stem cells, ecology, neuroscience
From Body to Brain
From Body to Brain
The Scientist Staff | Oct 31, 2016
Researcher Michal Schwartz discusses the promise of neuroimmunology to treat neurological disease.
Book Excerpt from <em>The New Science of Consciousness</em>
Book Excerpt from The New Science of Consciousness
Paul L. Nunez | Oct 31, 2016
In Chapter 1, author Paul L. Nunez sets the stage for a scientific exploration of the inky depths of consciousness.
Immunity in the Brain
Immunity in the Brain
Amanda B. Keener | Oct 31, 2016
Researchers document the diverse roles of immune cells in neuronal health and disease.
Genetic Tags Illuminate Where Neurons Extend
Genetic Tags Illuminate Where Neurons Extend
Ruth Williams | Oct 31, 2016
Barcodes of mRNA travel to the cells' axon terminals, offering a sequencing-based approach to neural mapping.
Another Neural Circuit that Controls Breathing Found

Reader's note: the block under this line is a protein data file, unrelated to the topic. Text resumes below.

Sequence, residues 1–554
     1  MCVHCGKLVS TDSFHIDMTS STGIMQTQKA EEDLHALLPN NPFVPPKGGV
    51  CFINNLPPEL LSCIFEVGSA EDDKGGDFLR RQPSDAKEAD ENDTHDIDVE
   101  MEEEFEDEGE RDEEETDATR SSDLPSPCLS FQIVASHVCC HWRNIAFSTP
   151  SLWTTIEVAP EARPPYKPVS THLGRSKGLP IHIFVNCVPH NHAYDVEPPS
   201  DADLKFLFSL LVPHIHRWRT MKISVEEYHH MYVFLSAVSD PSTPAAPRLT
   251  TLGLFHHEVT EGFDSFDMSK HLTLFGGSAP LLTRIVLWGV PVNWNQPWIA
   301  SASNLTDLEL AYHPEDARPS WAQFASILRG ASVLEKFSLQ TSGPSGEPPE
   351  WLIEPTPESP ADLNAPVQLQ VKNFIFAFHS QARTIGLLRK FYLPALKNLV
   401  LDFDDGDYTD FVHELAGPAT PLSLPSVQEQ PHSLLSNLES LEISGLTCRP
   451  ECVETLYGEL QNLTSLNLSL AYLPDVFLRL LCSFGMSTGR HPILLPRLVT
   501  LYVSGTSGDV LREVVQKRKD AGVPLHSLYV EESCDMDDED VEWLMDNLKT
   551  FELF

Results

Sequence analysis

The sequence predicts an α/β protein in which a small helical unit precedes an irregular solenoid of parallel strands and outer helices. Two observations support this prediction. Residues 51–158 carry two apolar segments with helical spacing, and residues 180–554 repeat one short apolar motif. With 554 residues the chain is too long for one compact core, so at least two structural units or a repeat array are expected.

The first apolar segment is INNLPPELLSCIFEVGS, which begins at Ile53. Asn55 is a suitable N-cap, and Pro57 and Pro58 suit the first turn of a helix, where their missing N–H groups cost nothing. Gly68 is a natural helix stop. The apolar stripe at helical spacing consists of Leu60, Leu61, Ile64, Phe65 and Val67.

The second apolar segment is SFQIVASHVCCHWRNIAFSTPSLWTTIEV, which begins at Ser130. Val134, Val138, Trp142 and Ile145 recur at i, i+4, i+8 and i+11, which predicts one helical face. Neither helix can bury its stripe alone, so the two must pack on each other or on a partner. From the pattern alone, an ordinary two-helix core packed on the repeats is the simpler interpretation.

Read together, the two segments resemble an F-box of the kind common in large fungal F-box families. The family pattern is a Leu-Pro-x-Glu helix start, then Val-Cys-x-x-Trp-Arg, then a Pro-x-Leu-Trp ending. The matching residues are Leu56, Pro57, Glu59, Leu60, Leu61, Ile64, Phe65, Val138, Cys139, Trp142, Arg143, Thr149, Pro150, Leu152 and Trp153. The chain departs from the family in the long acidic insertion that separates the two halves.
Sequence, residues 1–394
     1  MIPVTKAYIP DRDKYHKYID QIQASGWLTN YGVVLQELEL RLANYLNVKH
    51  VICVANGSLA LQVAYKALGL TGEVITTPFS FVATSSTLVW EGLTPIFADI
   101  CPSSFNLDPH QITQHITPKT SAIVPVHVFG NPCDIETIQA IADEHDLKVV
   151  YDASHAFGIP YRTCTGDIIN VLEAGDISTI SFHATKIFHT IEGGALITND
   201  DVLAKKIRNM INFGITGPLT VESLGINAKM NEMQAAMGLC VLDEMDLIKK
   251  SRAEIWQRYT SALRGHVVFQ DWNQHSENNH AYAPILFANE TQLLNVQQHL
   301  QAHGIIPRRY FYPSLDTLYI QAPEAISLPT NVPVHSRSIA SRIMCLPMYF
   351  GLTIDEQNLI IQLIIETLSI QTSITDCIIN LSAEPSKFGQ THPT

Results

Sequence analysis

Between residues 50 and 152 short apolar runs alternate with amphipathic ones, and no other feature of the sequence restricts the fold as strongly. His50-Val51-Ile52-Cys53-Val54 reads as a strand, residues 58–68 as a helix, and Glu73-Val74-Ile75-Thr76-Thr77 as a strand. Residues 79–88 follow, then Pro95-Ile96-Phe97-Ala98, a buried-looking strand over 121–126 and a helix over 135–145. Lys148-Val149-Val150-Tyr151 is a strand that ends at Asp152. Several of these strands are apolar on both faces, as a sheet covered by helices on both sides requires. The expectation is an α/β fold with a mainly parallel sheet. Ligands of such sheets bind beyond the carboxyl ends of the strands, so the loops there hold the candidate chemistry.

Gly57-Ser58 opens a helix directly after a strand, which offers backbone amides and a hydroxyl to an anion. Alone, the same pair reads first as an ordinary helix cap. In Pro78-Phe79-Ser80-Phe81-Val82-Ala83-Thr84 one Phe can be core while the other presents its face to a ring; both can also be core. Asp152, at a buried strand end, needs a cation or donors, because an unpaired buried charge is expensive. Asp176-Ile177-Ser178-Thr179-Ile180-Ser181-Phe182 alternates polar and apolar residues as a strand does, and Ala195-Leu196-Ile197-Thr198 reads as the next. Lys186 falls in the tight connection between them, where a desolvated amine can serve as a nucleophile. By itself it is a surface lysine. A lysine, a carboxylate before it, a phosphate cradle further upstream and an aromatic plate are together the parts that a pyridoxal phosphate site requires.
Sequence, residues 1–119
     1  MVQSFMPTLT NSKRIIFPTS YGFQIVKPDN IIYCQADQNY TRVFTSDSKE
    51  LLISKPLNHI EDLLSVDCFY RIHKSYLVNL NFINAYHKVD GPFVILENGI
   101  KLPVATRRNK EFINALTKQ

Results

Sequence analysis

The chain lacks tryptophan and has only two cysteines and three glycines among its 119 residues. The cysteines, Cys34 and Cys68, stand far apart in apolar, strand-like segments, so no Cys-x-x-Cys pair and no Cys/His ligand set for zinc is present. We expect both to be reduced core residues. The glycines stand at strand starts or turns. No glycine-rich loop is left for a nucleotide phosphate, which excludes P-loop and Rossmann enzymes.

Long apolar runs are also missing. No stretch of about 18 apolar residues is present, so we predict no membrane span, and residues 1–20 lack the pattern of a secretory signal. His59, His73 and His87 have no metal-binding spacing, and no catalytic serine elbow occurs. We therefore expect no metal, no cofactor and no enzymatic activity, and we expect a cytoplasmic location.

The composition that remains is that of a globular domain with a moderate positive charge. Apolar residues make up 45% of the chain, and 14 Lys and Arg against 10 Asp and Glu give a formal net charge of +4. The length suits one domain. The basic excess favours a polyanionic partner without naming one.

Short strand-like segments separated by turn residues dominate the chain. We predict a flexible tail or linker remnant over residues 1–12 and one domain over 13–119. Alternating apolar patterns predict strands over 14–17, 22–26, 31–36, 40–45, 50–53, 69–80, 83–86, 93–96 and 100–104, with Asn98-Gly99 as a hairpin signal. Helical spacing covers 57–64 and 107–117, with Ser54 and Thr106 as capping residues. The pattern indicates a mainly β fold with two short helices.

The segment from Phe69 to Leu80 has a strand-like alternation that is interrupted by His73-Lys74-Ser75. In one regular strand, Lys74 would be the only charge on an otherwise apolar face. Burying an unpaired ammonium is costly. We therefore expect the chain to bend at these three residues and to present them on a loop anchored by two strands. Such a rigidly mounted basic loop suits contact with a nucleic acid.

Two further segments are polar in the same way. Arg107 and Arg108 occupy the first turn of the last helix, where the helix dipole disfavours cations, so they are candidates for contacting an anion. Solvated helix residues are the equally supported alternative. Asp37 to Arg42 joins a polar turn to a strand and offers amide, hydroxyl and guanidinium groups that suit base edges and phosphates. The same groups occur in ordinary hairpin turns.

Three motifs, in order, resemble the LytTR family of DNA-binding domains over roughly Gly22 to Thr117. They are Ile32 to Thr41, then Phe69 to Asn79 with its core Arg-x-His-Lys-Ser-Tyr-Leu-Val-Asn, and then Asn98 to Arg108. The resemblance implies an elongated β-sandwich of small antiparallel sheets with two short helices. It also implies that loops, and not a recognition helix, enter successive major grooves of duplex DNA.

Another Neural Circuit that Controls Breathing Found
Catherine Offord | Oct 31, 2016
This third excitatory network helps to regulate postinspiration.
Week in Review: October 24–28
Week in Review: October 24–28
Bob Grant | Oct 27, 2016
Patient Zero exonerated; Jack Woodall dies; Wolbachia-harboring mosquitoes deployed in fight against Zika; implanted neurons function in adult mouse brain 
How Experience Shapes Adult Neurogenesis
How Experience Shapes Adult Neurogenesis
Ruth Williams | Oct 27, 2016
Interneurons and mature granule cells in the adult mouse brain are critical for newborn neurons’ responses to novel environments.
Added Neurons Are Functionally Integrated into Mouse Brain Circuits
Added Neurons Are Functionally Integrated into Mouse Brain Circuits
Jenny Rood | Oct 26, 2016
In vivo imaging reveals how grafted embryonic brain cells grow, connect, and mature into contributing members of damaged visual pathways in adult mice.
Lying Repetitively Linked to Decreased Amygdala Activity
Lying Repetitively Linked to Decreased Amygdala Activity
Kerry Grens | Oct 25, 2016
As people continue to tell tall tales, fMRI data show certain brain regions become less busy.
Studying “Stone Man Syndrome,” Scientists Inadvertently Improve Cellular Reprogramming
Studying “Stone Man Syndrome,” Scientists Inadvertently Improve Cellular Reprogramming
Ben Andrew Henry | Oct 25, 2016
While studying a rare genetic disease, researchers discovered a signaling pathway linked to the efficiency of reprogramming somatic cells into stem cells.